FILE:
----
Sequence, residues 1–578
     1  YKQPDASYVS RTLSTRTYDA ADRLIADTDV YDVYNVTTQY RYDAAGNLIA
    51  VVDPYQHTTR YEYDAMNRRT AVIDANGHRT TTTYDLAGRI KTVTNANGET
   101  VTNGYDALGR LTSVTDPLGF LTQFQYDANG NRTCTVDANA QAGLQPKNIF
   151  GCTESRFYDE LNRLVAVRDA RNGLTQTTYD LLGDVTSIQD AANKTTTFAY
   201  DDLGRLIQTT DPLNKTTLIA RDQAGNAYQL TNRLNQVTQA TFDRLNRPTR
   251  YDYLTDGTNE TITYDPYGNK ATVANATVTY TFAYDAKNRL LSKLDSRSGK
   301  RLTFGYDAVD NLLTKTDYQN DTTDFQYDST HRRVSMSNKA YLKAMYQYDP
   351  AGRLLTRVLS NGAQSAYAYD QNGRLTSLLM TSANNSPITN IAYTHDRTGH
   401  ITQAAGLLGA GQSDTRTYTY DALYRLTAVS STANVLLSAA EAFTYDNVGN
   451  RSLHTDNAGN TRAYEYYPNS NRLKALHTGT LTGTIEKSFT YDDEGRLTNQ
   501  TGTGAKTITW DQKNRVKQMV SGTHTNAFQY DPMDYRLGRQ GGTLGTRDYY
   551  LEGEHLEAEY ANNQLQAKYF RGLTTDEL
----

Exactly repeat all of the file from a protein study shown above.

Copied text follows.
Sequence, residues 1–578
     1  YKQPDASYVS RTLSTRTYDA ADRLIADTDV YDVYNVTTQY RYDAAGNLIA
    51  VVDPYQHTTR YEYDAMNRRT AVIDANGHRT TTTYDLAGRI KTVTNANGET
   101  VTNGYDALGR LTSVTDPLGF LTQFQYDANG NRTCTVDANA QAGLQPKNIF
   151  GCTESRFYDE LNRLVAVRDA RNGLTQTTYD LLGDVTSIQD AANKTTTFAY
   201  DDLGRLIQTT DPLNKTTLIA RDQAGNAYQL TNRLNQVTQA TFDRLNRPTR
   251  YDYLTDGTNE TITYDPYGNK ATVANATVTY TFAYDAKNRL LSKLDSRSGK
   301  RLTFGYDAVD NLLTKTDYQN DTTDFQYDST HRRVSMSNKA YLKAMYQYDP
   351  AGRLLTRVLS NGAQSAYAYD QNGRLTSLLM TSANNSPITN IAYTHDRTGH
   401  ITQAAGLLGA GQSDTRTYTY DALYRLTAVS STANVLLSAA EAFTYDNVGN
   451  RSLHTDNAGN TRAYEYYPNS NRLKALHTGT LTGTIEKSFT YDDEGRLTNQ
   501  TGTGAKTITW DQKNRVKQMV SGTHTNAFQY DPMDYRLGRQ GGTLGTRDYY
   551  LEGEHLEAEY ANNQLQAKYF RGLTTDEL